So three of these unique “famous five” pubs visited, and two more to go. I should be able to make the Queen’s Head in Cambridge without difficulty, as I can squeeze a visit in on my next trip up to Norfolk. The Roscoe Head in Liverpool, might prove a little trickier, and the fact that its future could still be in doubt, does make a visit all the more important.

The thing which does surprise me though, is the enormous “churn” of pubs which have appeared in the Guide over the years. Given it features around 4,500 pubs each year, it’s strange that only five in the whole country should have featured in every edition.

Acknowledgements: photos of the three pubs featured were supplied by CAMRA via a press-release to the British Guild of Beer Writers website.


Curmudgeon said...

A couple of reasons why there are only five survivors from the first GBG:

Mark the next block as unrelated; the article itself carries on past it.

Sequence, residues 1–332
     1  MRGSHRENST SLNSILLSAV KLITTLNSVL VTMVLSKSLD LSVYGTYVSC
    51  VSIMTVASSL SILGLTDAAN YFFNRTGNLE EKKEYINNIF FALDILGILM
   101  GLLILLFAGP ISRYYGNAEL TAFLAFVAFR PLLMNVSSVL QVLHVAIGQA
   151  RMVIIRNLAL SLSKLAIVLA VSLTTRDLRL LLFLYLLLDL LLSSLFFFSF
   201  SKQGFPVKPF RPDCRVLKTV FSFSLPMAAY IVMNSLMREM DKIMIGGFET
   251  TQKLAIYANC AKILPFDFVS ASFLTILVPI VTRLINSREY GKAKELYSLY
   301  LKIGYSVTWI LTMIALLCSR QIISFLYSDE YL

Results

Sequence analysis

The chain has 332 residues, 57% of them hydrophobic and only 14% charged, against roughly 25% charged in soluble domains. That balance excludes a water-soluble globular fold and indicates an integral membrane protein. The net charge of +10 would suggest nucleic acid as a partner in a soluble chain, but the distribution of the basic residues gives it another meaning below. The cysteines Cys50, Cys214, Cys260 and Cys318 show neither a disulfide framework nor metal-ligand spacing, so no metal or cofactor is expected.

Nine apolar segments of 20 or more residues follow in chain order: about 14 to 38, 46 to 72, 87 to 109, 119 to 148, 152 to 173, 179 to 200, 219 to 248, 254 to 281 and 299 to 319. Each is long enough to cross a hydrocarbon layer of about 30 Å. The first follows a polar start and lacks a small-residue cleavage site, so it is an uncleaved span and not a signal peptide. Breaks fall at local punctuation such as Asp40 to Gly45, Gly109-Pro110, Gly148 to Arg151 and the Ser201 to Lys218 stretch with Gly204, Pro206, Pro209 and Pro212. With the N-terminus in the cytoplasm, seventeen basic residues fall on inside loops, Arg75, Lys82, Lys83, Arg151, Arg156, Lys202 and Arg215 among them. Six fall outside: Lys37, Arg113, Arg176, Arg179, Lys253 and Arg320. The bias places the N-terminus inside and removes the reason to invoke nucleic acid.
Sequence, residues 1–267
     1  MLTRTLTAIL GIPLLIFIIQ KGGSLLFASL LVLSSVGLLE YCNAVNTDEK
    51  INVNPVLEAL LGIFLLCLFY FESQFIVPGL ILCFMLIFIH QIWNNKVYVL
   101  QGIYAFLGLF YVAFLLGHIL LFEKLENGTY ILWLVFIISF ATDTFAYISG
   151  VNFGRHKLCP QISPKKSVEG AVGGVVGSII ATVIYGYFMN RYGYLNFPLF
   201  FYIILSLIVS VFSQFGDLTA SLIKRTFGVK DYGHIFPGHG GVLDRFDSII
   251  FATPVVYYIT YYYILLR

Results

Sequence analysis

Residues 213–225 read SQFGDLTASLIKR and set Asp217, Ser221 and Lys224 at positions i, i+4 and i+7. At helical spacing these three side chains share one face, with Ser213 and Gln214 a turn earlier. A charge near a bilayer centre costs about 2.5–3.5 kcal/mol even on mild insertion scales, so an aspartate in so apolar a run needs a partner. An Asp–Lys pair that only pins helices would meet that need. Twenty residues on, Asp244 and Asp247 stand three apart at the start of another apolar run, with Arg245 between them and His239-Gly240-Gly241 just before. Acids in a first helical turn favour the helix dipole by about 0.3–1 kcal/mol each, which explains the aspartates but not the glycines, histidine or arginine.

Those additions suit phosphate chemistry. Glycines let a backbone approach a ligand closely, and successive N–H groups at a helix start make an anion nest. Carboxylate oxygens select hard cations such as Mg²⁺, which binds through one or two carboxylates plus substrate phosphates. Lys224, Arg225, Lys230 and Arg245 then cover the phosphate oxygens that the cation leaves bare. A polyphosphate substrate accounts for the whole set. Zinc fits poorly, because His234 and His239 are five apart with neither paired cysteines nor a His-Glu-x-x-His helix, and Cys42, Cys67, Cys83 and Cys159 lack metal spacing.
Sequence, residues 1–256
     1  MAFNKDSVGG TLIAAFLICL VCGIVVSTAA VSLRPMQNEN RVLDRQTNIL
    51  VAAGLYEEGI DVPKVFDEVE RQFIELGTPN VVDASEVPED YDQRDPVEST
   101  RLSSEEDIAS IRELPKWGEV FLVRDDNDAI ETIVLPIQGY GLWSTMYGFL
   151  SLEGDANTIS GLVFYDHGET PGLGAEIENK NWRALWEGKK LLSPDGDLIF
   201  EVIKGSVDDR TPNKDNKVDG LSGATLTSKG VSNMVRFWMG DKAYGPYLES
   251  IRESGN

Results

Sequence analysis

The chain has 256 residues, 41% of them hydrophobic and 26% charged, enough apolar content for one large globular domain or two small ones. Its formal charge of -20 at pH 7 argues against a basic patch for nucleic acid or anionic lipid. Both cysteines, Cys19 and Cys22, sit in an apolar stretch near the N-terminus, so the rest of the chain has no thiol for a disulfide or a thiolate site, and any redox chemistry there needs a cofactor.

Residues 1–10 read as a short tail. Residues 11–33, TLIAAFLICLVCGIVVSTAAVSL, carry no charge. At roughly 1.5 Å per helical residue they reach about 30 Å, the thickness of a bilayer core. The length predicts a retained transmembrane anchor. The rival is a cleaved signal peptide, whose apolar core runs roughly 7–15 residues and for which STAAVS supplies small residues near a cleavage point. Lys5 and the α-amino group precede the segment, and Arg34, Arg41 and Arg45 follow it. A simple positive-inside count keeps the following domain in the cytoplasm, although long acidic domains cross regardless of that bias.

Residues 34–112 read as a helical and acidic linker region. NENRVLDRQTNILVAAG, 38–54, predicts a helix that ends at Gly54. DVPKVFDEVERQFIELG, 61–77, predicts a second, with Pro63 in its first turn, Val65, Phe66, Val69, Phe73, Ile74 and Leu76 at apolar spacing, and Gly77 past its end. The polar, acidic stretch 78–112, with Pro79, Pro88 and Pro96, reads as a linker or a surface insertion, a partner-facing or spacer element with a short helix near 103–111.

1. The coverage in the first edition was very patchy and often poorly researched. For example, there was only one entry in Stockport, which was a very ordinary estate pub that has long since closed. But there would have been plenty of excellent pubs they didn't find.

2. Quite rightly, for many years most branches have followed a policy of only including pubs if the licensee has been there for long enough to give confidence that the beer is kept in good nick. Therefore many pubs will have dropped out due to change of licensee.

On the second point, the Rose & Crown in Tunbridge Wells has re-entered the GBG for 2018, but I spotted tonight a sign saying "Under New Management". Does this mean its status will need to be reviewed? Quite a drastic internal transformation from how it was in 2003.